As Per Tradition, B.A.P's First of the Year is PHENOMENAL:
Think about it. The barren wasteland is our first image, and it's followed up quickly by the dollhouse (classic metaphor of a fantasy perfect-life). Then we see the boys inside the house, but again note that it's only after the dollhouse image. As put in terms of Sherlock references, this is most likely a psychological organizing system fandom knows as a 'mind-palace'. It's pieces of memory sewn together to create a semi-physical space, in this case a dollhouse that manipulates the real memories into a romance that never happened. The photos and film bits are all real memories, brought in from the outside, but the fuzzy flashbacks (like the carousel scene) are all fabrications. The use of specific colors and saturation levels gives the whole MV a very dream-like quality while still managing to delineate between scenes and compartments of reality perfectly. The mirrors and glass are prismatic reflections of the self, the girl shown there is only the notion of her as it exists within the Self of the narrator.
Having defined himself through his relationship with this girl, the narrator is completely unable to function without her. She might not have even dumped him, or realized that he liked her at all. And yet his obsessive fiction of his involvement in her live has led to a reality that can't carry on without her presence (we're talking less kid with an imaginary friend and more like a Schizoid social-cognitive disruption resulting in a detailed paracosm). My headcanon is that the girl is from a higher grade level, who tutored him regularly, and just graduated without him, moving on with her life, and he's having a psychotic break in lieu of her presence.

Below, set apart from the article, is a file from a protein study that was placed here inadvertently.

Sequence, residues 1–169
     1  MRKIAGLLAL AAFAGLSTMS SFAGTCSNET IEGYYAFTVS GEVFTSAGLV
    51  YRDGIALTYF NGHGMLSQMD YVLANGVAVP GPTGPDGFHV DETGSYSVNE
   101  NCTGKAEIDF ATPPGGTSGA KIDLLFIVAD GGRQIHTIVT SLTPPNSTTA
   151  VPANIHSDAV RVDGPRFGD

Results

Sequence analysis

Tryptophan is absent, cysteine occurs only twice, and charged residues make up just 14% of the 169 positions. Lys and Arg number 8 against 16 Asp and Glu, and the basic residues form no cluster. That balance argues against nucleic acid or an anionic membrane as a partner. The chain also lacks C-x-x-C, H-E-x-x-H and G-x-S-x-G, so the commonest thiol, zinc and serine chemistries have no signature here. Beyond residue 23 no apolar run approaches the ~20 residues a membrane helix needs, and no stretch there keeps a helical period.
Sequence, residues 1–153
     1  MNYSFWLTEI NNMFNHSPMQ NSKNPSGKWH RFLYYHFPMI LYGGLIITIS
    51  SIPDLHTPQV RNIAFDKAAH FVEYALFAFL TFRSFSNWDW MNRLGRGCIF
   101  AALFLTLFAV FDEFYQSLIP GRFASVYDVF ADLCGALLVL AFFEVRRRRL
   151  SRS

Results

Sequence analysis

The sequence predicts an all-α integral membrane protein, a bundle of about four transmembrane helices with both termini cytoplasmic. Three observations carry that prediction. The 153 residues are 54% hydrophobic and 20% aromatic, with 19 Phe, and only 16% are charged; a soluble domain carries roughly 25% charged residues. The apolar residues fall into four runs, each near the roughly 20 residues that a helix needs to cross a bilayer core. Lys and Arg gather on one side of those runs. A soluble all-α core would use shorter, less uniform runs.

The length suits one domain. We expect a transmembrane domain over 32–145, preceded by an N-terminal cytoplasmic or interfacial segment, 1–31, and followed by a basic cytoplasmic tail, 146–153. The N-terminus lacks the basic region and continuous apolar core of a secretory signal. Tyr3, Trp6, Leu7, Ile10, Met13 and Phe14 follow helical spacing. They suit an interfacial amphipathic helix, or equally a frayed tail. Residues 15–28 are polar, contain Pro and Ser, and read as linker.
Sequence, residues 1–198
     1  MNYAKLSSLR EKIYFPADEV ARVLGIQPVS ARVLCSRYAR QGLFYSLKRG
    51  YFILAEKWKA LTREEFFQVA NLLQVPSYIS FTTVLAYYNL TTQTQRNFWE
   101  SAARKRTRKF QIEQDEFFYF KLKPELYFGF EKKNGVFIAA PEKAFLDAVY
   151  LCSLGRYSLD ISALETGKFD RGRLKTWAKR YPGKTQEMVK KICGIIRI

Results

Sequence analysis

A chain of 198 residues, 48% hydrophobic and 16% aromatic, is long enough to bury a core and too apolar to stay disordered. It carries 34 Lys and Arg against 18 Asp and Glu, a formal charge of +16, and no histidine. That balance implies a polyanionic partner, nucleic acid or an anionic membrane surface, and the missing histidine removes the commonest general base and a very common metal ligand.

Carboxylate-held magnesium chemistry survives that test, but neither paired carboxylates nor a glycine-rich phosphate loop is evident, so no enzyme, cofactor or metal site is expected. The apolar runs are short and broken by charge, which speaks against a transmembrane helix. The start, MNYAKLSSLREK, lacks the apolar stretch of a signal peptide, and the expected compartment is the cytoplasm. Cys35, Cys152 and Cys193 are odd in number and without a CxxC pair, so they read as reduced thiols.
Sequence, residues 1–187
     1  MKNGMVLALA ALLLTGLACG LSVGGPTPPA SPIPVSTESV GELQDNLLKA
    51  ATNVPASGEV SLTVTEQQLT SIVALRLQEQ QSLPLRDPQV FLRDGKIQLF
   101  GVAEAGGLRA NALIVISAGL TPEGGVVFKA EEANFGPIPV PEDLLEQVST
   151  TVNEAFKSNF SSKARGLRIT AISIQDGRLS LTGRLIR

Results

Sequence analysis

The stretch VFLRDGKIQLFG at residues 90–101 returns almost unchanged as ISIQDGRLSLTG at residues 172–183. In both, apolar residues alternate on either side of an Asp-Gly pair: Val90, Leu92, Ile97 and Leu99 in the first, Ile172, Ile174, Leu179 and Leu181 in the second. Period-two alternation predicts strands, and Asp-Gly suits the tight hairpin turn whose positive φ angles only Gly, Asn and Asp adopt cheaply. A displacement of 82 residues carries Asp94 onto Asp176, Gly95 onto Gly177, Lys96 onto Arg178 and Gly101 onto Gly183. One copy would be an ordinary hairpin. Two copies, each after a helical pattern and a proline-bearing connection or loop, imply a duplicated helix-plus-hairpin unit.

It's really a fascinating look at the psychological process of grief and paracosmic fictions. He goes from longing to be with her again, blaming himself for her absence and wishing he could have been better to make her stay, to blaming her for deceiving him. During this section, we see the hourglass for the first time; indicating that a deadline had been put on the relationship from the very beginning. He blames her for his inability to move on, recognizing that this cyclical obsession is in fact a problem that needs to be addressed. And in killing the Self of mirrors (and the self IN the mirrors of the dollhouse), he's breaking out of this obsessive fiction. Now, it's hard to tell if he successfully moves on, but I'd guess that the cricket sounds in the end are an indication that he's lived through killing his unconscious and has perhaps woken up in the middle of the night and this whole encounter has been one long, revelation-in-a-dream and now he can move on properly. The last we see of the hour glass has a little bit of sand left in it, so maybe he gets to see her off properly and mourn her stepping out of his life in a healthy manner? It's all speculation from the moment Himchan pulls the trigger.
It follows the pattern for One Shot almost exactly (discounting One Shot's alternate ending). This MV is a deeply emotional experience, rooted in psychology, and ending with a death. Like One Shot's MV, there's an emotional reversal on the bridge, triggered quite successfully by the slide into a different track off the album (for One Shot it was Coma and for 1004 (Angel) the bridge brings in part of Save Me as the emotional-turn trigger). The choreography is kickin' and contributes well to the story, being blocky and rough and very visceral, in close contact with the earth and physicality; and most importantly full of fantasy elements (air-guitar and mirror-motions and such). The song itself is pretty fantastic on it's own; the beautiful slide of the acoustic (and the grunge-y reverb on the footsteps) into electric guitar, the elegant leaps from melody to rap and the tension of being halfway in-between. It moves well and evolves and is all around a lovely piece of work.
The only drawback whatsoever is that there's no fully active story line. If we take it as an series of events occurring in a dream that he wakes up from (purely speculation) then it has some active plot, and certainly I'll not be one to undervalue the idea of having an active plot take place entirely in the narrator's mind (as the thoughts and thought-patterns do shift and evolve), but it's still not quite enough to be a fully fleshed plotline.